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This paper breaks new ground by providing comparable estimates of intergenerational wage and education persistence across 14 European OECD countries based on a new micro data from Eurostat.
This paper focuses on inequalities in learning opportunities for individuals coming from different socio-economic backgrounds as a measure of (in) equality of opportunity in OECD countries and looks at the role played by policies and institutions in shaping countries’ relative positions.
The OECD’s latest economic survey of Brazil, to be published on Tuesday 14 July 2009, looks at the challenges the country faces as it recovers from the global downturn. It also discusses the reforms needed to reinforce long-term growth and raise living standards.
Competition policies are being strengthened which will improve consumer welfare and growth. However, competition in retail is hindered by unusually extensive sector regulation while the liberalisation of network sectors has been less successful than in other OECD countries.
The tax system is relying too much on relatively growth distorting taxes. Despite reforms, labour taxation continues to contribute to substantial labour market traps while corporate tax rates are relatively high. Moreover, most tax bases are narrowed by numerous exemptions and reductions.
The Belgian economy is in a deep recession. Nevertheless, the government should not forego structural reforms in areas such as labour policy, fiscal policy, fiscal federalism, taxation and competition. Such reforms are particularly important to meet the challenge of securing fiscal sustainability.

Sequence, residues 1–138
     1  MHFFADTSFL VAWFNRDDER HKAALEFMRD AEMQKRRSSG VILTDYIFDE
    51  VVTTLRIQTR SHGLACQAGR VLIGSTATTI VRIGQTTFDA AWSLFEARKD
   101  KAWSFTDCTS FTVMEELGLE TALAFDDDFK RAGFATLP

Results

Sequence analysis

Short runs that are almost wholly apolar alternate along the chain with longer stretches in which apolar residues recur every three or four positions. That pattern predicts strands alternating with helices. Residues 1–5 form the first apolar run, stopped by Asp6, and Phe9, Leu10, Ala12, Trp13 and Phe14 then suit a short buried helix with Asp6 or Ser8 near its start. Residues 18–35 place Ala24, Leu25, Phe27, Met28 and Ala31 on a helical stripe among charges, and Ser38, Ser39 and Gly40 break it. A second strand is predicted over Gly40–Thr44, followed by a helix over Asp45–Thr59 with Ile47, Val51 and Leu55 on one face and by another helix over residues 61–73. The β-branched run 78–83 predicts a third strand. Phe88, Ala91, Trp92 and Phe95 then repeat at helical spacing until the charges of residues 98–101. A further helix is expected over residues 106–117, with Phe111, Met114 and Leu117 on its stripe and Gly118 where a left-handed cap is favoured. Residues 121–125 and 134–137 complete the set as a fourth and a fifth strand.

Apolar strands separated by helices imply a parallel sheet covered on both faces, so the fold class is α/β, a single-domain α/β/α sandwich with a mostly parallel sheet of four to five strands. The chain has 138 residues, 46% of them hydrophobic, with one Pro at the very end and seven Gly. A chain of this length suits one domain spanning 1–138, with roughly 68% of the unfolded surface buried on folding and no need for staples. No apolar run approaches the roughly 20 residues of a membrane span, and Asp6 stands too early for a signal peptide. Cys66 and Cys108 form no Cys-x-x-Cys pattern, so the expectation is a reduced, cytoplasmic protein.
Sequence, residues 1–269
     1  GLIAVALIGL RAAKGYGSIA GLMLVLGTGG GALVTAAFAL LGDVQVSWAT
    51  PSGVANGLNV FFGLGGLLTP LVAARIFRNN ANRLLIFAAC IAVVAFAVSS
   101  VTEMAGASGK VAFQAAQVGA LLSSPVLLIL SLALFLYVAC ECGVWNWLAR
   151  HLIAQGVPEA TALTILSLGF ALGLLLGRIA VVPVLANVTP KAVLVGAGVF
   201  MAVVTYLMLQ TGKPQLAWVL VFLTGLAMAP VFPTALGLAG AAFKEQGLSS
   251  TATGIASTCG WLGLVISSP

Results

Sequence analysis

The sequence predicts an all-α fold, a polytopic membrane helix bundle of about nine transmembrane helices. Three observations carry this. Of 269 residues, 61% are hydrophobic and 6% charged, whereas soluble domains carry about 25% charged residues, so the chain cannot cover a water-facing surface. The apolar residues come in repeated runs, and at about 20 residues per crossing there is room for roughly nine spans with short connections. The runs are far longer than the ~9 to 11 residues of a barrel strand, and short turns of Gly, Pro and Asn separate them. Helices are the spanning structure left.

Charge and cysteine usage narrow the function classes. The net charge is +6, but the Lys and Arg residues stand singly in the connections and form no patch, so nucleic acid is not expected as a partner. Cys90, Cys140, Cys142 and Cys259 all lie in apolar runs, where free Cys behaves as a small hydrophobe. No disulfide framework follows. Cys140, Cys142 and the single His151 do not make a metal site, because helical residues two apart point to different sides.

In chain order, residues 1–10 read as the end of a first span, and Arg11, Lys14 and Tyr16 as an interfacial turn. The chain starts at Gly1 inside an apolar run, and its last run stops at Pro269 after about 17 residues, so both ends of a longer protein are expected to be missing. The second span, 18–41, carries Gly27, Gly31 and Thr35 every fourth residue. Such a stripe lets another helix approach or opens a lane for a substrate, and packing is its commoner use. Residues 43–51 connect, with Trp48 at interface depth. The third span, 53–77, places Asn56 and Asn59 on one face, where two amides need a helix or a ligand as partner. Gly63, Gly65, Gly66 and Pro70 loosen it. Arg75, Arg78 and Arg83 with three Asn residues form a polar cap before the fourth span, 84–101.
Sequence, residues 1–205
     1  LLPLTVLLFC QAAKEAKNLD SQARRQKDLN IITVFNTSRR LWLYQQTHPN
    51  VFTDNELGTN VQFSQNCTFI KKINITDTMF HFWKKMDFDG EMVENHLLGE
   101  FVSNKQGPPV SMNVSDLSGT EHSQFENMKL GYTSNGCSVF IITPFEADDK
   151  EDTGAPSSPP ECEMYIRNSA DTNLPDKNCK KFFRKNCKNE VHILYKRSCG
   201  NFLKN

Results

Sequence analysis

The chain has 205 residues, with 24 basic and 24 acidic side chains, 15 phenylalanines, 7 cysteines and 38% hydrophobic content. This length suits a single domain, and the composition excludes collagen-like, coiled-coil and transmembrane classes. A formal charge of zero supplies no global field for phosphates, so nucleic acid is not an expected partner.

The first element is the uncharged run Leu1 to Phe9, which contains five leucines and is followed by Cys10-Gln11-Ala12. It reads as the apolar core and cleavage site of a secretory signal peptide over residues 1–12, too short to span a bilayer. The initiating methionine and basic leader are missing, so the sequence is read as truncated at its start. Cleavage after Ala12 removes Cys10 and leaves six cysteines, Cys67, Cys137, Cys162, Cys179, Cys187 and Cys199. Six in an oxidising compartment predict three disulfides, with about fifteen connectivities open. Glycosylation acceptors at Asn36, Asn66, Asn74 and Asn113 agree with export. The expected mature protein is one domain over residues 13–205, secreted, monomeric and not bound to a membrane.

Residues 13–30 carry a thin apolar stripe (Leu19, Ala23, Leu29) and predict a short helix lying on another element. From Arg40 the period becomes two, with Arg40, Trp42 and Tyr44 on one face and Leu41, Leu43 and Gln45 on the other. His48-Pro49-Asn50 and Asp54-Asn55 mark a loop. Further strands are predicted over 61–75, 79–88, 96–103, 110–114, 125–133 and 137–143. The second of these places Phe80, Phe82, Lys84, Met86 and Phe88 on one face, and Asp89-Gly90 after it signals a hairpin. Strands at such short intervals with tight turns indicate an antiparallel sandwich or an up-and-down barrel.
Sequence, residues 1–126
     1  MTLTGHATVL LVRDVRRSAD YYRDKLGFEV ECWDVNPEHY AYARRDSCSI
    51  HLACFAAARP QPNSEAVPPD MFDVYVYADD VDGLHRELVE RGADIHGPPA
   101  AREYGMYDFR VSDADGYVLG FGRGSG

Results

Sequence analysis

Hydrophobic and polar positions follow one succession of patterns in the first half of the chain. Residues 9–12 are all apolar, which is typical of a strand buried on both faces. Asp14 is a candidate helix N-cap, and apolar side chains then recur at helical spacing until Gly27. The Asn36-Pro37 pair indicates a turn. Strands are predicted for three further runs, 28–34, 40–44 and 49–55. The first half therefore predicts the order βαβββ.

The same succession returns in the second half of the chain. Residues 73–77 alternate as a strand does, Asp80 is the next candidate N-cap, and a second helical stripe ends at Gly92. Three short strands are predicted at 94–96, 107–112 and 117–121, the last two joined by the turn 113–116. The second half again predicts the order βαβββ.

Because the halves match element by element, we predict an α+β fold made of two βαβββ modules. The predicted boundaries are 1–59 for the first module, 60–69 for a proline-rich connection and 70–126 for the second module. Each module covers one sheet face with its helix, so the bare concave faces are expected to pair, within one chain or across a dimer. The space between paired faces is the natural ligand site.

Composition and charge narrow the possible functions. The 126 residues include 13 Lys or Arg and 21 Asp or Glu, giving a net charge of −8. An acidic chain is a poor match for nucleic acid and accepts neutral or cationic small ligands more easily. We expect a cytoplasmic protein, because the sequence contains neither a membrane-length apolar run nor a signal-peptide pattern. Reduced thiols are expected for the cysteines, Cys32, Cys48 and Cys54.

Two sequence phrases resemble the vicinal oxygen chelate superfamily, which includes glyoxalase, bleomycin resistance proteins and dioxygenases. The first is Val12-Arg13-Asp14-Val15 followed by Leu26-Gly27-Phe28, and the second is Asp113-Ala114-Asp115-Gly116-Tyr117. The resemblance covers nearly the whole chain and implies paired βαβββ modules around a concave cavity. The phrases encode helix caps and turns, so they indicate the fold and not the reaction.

Securing fiscal sustainability requires a reform of the fiscal federalism system. The current transfer system does not align spending and taxing responsibilities and the organisation of the federation is not promoting public spending efficiency.
The Belgian economy has entered into a deep recession. The government responded with prompt interventions in the financial markets and fiscal stimulus, but needs to follow up with long-term structural reforms.
Public finances are shifting further away from fiscal sustainability, emphasising the need for the reform of the fiscal policy making and strategies to deal with the costs of ageing.
The Belgian economy is in a deep recession. Nevertheless, the government should not forego structural reforms in areas such as labour policy, fiscal policy, fiscal federalism, taxation and competition. Such reforms are particularly important to meet the challenge of securing fiscal sustainabilit